cos on another. Those were used as derivatives for a 2nd-order Taylor. Tw
o multipliers (more hard cores) are used (using Horner's Rule) for the 1st
and 2nd-order interpolations. I don't remember how many digits of accuracy
this yields, but the latency is low.

?:
d to use the hard cores in an FPGA instead of the fabric--it's less power a
nd deterministic routing times.
d to find sine, I used a coarse BRAM lookup that output sine on one port an
d cos on another. Those were used as derivatives for a 2nd-order Taylor.
Two multipliers (more hard cores) are used (using Horner's Rule) for the 1s
t and 2nd-order interpolations. I don't remember how many digits of accura
cy this yields, but the latency is low.
Cordic is useful to compute high-precision atan2. Otherwise for 2 16-bit i
nputs, you'd need a ram with 2^32 addresses (maybe 16 times less if you tak
e advantage of the symmetries).

On Thursday, October 11, 2018 at 7:37:37 AM UTC-6, Benjamin Couillard wrote
:
inputs, you'd need a ram with 2^32 addresses (maybe 16 times less if you t
ake advantage of the symmetries).
Sorry; I didn't see that you were talking about arctan. It's not quite as
easy as sin/cos, but there is still the question as to whether a Farrow-typ
e architecture using a coarse lookup and Taylor interpolations would be bet
ter than a CORDIC, and I am guessing that with the BRAMs and multipliers in
present-day FPGAs, the answer would be yes.

?:
te:
it inputs, you'd need a ram with 2^32 addresses (maybe 16 times less if you
take advantage of the symmetries).
s easy as sin/cos, but there is still the question as to whether a Farrow-t
ype architecture using a coarse lookup and Taylor interpolations would be b
etter than a CORDIC, and I am guessing that with the BRAMs and multipliers
in present-day FPGAs, the answer would be yes.
Yes I think you're right it could work for an atan or atan 2. You could im
plemented a divider for atan 2 (y/x), a sign look-up (to get the whole 360
degrees), a BRAM + taylor interpolation.
For atan, you'd simply skip the divider and sign look-up part.
On the other hand, Xilinx and Altera offer plug-and-play Cordic cores for a
tan/atan2.

implemented a divider for atan 2 (y/x), a sign look-up (to get the whole 36
0 degrees), a BRAM + taylor interpolation.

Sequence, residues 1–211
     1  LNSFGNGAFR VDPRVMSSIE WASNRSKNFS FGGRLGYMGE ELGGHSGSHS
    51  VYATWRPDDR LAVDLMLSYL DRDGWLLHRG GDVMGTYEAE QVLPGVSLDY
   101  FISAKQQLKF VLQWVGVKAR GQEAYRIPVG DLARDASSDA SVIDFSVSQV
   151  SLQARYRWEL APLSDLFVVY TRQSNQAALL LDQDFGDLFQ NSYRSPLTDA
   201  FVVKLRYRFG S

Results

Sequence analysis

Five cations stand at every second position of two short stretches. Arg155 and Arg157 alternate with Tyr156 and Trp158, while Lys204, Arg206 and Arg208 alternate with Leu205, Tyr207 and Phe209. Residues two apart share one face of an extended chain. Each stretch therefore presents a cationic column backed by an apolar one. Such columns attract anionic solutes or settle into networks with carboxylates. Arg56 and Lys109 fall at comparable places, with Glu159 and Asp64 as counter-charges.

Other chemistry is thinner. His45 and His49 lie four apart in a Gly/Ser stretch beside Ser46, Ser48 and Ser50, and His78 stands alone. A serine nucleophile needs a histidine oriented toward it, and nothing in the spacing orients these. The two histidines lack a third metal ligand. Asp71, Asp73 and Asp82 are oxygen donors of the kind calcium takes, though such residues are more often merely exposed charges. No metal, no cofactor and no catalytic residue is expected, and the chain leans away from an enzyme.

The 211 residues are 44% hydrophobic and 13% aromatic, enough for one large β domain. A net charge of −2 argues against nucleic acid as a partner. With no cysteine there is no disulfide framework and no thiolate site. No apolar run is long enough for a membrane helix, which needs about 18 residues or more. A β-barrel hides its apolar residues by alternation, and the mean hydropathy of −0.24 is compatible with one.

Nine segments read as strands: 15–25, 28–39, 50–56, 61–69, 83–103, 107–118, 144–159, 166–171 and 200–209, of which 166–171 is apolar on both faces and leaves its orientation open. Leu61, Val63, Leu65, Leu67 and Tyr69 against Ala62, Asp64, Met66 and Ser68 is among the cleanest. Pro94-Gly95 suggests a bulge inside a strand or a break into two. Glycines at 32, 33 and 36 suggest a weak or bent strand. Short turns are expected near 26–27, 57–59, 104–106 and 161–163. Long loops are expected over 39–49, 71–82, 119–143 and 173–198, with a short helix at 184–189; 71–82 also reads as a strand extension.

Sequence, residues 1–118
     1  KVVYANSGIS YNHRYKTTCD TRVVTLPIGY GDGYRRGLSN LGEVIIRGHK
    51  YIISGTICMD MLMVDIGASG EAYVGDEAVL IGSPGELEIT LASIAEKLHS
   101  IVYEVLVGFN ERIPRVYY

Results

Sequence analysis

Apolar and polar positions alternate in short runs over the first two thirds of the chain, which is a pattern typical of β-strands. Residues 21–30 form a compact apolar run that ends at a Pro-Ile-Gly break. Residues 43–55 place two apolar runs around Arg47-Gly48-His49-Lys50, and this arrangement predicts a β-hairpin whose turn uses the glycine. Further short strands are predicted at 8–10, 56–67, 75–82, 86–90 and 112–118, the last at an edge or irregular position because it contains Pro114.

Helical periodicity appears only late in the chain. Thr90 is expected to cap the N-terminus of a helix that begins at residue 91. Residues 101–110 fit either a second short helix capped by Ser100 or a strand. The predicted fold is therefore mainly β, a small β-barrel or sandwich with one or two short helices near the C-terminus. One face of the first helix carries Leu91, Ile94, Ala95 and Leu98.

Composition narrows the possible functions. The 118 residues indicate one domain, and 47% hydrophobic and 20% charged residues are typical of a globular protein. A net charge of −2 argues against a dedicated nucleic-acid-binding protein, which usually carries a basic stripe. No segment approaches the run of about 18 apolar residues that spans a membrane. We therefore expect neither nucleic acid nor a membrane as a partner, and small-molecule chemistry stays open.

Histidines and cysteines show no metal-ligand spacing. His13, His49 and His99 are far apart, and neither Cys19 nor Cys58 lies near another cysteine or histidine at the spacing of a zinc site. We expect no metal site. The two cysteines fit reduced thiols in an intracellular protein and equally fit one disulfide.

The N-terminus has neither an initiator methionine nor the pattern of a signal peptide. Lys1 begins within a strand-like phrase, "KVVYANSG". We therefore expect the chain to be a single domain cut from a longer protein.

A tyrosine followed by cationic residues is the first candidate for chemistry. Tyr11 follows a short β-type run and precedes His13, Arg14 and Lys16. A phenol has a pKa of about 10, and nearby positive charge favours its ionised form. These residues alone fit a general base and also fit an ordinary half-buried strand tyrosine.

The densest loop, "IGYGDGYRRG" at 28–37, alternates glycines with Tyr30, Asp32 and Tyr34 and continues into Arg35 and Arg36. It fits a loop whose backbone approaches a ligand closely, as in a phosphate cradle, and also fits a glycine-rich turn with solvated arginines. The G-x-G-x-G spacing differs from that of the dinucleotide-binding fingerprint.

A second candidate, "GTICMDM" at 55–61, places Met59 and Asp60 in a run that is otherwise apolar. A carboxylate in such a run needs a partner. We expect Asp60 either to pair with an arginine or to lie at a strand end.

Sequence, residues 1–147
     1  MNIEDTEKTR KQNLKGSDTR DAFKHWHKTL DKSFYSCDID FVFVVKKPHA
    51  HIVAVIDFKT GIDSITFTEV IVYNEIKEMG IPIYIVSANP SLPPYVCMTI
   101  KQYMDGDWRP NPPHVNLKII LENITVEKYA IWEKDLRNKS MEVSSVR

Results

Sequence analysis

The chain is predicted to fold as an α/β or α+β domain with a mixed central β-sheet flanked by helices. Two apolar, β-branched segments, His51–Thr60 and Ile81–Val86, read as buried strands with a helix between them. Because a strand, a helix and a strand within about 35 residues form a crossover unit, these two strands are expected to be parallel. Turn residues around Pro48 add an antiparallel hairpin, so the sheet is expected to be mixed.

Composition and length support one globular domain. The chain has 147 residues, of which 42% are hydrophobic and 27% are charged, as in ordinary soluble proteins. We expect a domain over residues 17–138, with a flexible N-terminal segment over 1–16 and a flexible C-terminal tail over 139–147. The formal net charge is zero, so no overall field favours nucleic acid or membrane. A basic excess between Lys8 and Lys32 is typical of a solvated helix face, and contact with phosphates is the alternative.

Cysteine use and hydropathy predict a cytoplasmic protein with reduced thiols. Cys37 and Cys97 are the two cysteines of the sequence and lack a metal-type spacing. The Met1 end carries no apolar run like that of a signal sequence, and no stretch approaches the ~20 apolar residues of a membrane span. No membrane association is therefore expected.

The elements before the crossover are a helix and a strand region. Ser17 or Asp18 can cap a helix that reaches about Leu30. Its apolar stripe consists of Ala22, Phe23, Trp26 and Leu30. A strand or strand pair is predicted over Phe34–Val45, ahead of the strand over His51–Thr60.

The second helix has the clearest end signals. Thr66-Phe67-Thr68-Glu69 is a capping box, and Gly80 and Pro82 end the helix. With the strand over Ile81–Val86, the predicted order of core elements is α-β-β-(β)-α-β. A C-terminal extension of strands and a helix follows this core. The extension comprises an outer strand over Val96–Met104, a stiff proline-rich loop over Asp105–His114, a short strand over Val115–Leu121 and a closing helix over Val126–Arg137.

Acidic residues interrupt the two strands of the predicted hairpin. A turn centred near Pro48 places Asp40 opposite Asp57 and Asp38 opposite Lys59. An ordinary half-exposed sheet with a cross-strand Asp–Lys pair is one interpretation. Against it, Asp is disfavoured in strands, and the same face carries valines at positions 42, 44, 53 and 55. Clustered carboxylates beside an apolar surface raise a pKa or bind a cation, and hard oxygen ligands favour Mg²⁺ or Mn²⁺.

atan/atan2.
It's probably better to multiply y/x by x to get a normalized ratio rather
than use a divider, which requires a lot of resources.
I recalled that I had to implement the atan2 function once for a QAM carrie
r/symbol recovery circuit. I didn't need great precision, so I split one q
uadrant into a grid and put the angle of the center of each grid square int
o a 2-dimensional lookup ROM. Then I could put X,Y into the ROM and get th
e coarse angle (which was then adjusted for the quadrant) and could use tha
t for carrier recovery.

d implemented a divider for atan 2 (y/x), a sign look-up (to get the whole
360 degrees), a BRAM + taylor interpolation.
or atan/atan2.
er than use a divider, which requires a lot of resources.
ier/symbol recovery circuit. I didn't need great precision, so I split one
quadrant into a grid and put the angle of the center of each grid square i
nto a 2-dimensional lookup ROM. Then I could put X,Y into the ROM and get
the coarse angle (which was then adjusted for the quadrant) and could use t
hat for carrier recovery.
One case that comes to mind : you have 2 quadrature signals
x = A(t) * cos (wt + some phase) + noise_x
y = A(t) * sin (wt + some phase) + noise_y
Atan2(y, x) = wt + some phase. The variations of A(t) (as long as they a
re slow-ish) will cancel each other out.
You can filter or average wt + some phase to extract the phase. Or derivate
"wt + some phase" then filter to get the filtered frequency.
So multiplying "y/x by x" would not make much sense in this case.

On Wednesday, October 17, 2018 at 9:26:38 AM UTC-6, Benjamin Couillard wrot
e:
:
uld implemented a divider for atan 2 (y/x), a sign look-up (to get the whol
e 360 degrees), a BRAM + taylor interpolation.
for atan/atan2.
ther than use a divider, which requires a lot of resources.
rrier/symbol recovery circuit. I didn't need great precision, so I split o
ne quadrant into a grid and put the angle of the center of each grid square
into a 2-dimensional lookup ROM. Then I could put X,Y into the ROM and ge
t the coarse angle (which was then adjusted for the quadrant) and could use
that for carrier recovery.
are slow-ish) will cancel each other out.
te "wt + some phase" then filter to get the filtered frequency.
No, multiplying by x doesn't make sense. Perhaps using a ROM for 1/x and a
multiplier would be better than a full divider.

ElectronDepot website is not affiliated with any of the manufacturers or service providers discussed here.
All logos and trade names are the property of their respective owners.